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House to grill petitioner seeking bhang legalisation

Why should bhang be legalised and all those behind bars for trading in the plant set free?

House team will seek answers to this question as the man behind the petition to legalise cannabis sativa, commonly referred to as bhang, faces the Senate Health Committee to defend his proposal.

“I am ready to defend my research. I have a wealth of evidence on this subject,” Gwada Ogot, a researcher, writer and political analyst, said on Thursday.

Mr Ogot wants the law passed to decriminalise the drug and those serving jail terms for offences related to the drug set free.

“I pray the House recommends amnesty for all people jailed for possession, usage, sale, cultivation and transportation of cannabis sativa. Criminalising cannabis creates criminals where none existed,” Mr Ogot said.

CASH CROP

Crimes and controversies over the plant, he said, are due to its prohibition, adding that if legalised, it can be one of the cash crops and contribute to improving people’s living standards besides boosting the country’s revenue.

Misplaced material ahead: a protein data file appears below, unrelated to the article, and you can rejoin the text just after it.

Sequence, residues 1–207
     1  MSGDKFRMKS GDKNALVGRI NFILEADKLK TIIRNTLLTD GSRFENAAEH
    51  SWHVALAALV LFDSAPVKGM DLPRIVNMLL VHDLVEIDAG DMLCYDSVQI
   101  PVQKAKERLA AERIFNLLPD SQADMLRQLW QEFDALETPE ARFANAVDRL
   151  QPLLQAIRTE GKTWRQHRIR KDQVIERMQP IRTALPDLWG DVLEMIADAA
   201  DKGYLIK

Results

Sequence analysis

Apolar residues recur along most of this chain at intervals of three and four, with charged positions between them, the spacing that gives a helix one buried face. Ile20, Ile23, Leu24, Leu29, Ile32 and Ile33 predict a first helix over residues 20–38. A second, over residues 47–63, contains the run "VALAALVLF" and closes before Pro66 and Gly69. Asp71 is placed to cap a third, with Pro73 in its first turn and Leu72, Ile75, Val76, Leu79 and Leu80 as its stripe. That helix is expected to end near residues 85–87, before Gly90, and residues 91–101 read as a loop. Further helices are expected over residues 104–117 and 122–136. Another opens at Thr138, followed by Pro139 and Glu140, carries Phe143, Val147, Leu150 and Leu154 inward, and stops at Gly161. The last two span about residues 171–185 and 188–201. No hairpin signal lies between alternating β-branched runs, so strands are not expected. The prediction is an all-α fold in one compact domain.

If his proposal sails through, bhang will be deleted from the list of narcotic drugs in the Narcotic Drugs and Psychotropic Substances Act of 1994.

“Research has indicated that bhang can be used for medicinal purposes to cure diseases. It is disease resistant and can be replanted several times a year without use of pesticides,” Mr Ogot argued in the petition.

He particularly cites ‘industrial hemp’ – a variety of cannabis sativa – that can be used for a range of purposes including manufacturing fibre, lubricating oil, and medicinal purposes.

REGULATORY BODY

Mr Ogot is advocating for establishment of a cannabis regulatory body – Cannabis Sativa Board of Kenya (CSBK), to oversee planting, trade and consumption of the drug.

The committee will also seek public views on the matter before preparing a report about the viability of the proposal.

It will be interesting to see how the lawmakers handle the proposal given that Kenya, which boasts of one of East Africa’s busy port, is considered a transit point for narcotic drugs.

In countries like Spain, Netherlands, Uruguay, Switzerland and Portugal and the state of Colorado in the United States, people freely smoke the drug but under certain regulations, and Kenya would join them if legislators agree to review the existing laws.

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